When people think of renewable energy they usually think of wind and solar power. In spite of its association with fossil fuels, Texas is already a leader in wind with more installed capacity than any other state by far. Yet there are several other forms of renewable energy, and one in particular could be yet another green energy boon to Texas. That energy source is geothermal.
Geothermal generates energy using heat from the Earth’s interior. The most common method involves extracting hot water from underground and using it to generate electricity. The water can also be pumped back into the ground, reheated, and pumped back out, making it a renewable energy source
Geothermal is environmentally friendly, generating 95 percent fewer emissions than coal and 92 percent less than gas. In fact, geothermal’s lifecycle emissions are lower than that of solar photovoltaics. It’s also sustainable; the world’s oldest geothermal plant has been generating electricity since 1913. But most importantly, geothermal is reliable. Wind and solar are heavily dependent on the conditions, meaning that a major breakthrough in energy storage will be needed before they can completely replace other energy sources. Geothermal, on the other hand, is available all the time and will generate power at night and in all weather conditions.
One major disadvantage of geothermal energy is that it is location dependent. Although the Earth’s heat is beneath our feet everywhere, there are only so many places where it is accessible with current technology. Renewables have largely been dominated by wind and solar because they are available almost everywhere. Although geothermal is not yet a viable source of energy for everyone, Texas is one of the places where there is a lot of potential.
Texas actually has a long history of using geothermal energy. Texas’ natural hot springs makes it readily available at a number of sites, including Austin. In fact, at one point the State Capitol was heated using geothermal energy.
Ironically, Texas’ geothermal potential comes in large part thanks to fossil fuels. 12 billion barrels of water is pumped out of the Lone Star State’s oil and gas wells every year. This water can be as hot as 392 degrees fahrenheit, more than enough to generate electricity. Preliminary data from SMU indicated that up to 2,000 MW of geothermal energy could be available just from Texas’ existing oil and gas wells, and that data is from 2005. The fracking boom that has occurred since then means that even more geothermal energy is likely available.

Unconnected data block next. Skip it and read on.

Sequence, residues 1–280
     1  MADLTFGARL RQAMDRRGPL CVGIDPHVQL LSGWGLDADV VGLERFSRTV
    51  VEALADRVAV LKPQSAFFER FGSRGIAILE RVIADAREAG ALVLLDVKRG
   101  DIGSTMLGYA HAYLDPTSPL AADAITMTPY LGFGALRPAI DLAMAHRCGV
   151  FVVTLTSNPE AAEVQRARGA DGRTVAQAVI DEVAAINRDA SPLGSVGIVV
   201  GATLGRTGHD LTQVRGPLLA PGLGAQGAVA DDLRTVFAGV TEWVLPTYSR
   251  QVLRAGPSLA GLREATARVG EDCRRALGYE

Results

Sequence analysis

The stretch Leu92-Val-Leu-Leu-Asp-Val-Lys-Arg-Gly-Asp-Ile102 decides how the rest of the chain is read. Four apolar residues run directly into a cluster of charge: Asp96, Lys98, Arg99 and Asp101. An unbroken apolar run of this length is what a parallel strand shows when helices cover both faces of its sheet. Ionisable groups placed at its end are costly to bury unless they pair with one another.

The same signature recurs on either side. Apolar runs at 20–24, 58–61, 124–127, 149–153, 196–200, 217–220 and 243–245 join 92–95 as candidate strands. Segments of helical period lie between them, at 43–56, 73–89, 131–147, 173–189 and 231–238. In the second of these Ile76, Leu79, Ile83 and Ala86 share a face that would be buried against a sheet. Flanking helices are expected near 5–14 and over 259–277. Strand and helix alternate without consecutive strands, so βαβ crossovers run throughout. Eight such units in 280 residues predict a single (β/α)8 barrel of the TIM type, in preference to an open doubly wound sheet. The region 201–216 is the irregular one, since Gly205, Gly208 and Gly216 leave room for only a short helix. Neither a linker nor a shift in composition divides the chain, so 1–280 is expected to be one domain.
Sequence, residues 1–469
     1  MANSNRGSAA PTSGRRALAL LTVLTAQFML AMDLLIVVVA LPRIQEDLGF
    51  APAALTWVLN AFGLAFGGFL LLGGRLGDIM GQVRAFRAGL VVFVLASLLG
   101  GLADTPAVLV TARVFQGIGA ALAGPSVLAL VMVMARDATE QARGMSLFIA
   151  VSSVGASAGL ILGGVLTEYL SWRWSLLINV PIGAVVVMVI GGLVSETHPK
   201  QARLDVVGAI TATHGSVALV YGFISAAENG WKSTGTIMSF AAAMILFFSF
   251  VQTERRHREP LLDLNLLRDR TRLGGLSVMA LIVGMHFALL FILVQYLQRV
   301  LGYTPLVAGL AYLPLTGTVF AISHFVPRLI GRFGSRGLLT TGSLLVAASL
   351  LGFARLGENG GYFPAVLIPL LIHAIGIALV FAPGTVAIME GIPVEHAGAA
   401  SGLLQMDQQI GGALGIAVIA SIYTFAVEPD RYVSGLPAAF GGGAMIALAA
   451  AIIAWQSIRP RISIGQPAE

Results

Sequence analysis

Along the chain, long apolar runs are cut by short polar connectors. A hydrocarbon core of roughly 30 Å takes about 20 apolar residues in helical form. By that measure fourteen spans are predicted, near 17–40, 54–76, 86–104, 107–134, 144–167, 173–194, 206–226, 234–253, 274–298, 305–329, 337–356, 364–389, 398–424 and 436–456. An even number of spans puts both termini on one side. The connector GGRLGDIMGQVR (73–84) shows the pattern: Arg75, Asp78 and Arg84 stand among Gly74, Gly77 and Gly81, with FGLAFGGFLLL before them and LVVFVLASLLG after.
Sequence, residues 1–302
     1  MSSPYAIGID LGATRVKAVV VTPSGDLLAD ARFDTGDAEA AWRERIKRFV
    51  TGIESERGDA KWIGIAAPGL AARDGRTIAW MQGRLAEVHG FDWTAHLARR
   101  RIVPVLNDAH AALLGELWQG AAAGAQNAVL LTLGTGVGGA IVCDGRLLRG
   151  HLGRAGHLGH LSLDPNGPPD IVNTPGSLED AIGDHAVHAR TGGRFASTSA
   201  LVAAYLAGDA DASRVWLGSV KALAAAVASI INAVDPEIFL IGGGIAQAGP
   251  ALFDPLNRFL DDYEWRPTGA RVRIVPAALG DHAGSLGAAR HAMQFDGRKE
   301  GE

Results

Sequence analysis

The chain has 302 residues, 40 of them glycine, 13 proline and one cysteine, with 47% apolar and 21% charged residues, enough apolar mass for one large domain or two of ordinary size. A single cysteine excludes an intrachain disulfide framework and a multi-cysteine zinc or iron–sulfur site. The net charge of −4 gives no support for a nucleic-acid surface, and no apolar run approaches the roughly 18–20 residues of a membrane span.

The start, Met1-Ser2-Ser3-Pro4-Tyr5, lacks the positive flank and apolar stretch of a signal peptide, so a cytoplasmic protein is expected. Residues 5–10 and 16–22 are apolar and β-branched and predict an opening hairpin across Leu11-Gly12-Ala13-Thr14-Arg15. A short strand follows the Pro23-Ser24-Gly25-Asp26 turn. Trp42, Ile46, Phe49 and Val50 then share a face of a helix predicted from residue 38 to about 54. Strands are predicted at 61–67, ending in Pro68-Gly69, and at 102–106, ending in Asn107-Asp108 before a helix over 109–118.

However, Texas’ potential to be a geothermal leader extends far beyond existing oil and gas wells. There are areas that have high temperatures underground but don’t have sufficient permeability or water. Injecting water underground and/or fracturing the rock, which is exactly what’s done with fracking, can create “enhanced geothermal systems” and bring geothermal energy to places where it would otherwise be unavailable. This is where Texas’ expertise with fossil oil and gas could ironically position it to lead a clean energy revolution. After all, who understands drilling underground to extract energy better than Texans?
Texas’ innovative energy ecosystem could foster new technologies that would allow geothermal to become far more widespread than it is now. Indeed, the Biden administration recently released a document for the American Jobs Plan that mentioned geothermal as an area where Texas had outsized potential for energy innovation. The idea of geothermal providing even a significant portion of humanity’s energy may seem like a pipe dream now, but then again so did the idea of the United States becoming a net oil exporter until Texas changed the game.
Geothermal would be a great way to transition the current oil and gas workforce toward renewables. After all, an oil driller’s skills won’t translate to installing wind turbines or solar panels but they could be employed to drill new geothermal energy sites. In fact, former oil workers are already being used for this purpose in Canada. If geothermal is added to Texas’ already considerable wind power industry, then the transition to renewables won’t necessarily need to come at the expense of Texas’ economy.
Unfortunately, Texas’ geothermal potential has thus far gone to waste. Texas does not have a single geothermal power plant compared to 34 in California and 23 in Nevada. One likely reason, aside from the state’s abundant fossil fuel resources, is the high upfront costs. Building a geothermal plant is expensive compared to installing wind turbines. However, geothermal’s potential as a reliable source of clean energy makes such an investment worth it.
Geothermal may not end up being in a silver bullet in the fight against climate change, but the severity of the threat means that it makes sense to throw everything at the wall to see what sticks. The world pursued numerous vaccines for COVID-19 simultaneously and a similar approach needs to be taken now. No one knows if the key to transitioning away from fossil fuels will come from solar/wind, geothermal, Gen IV nuclear reactors, or some other technology. The most likely solution will involve a number of different energy sources working in concert. And should geothermal prove to be one of the solutions, Texas can be a big part of that solution.
Photo: Mathieu Neville / Wikimedia Commons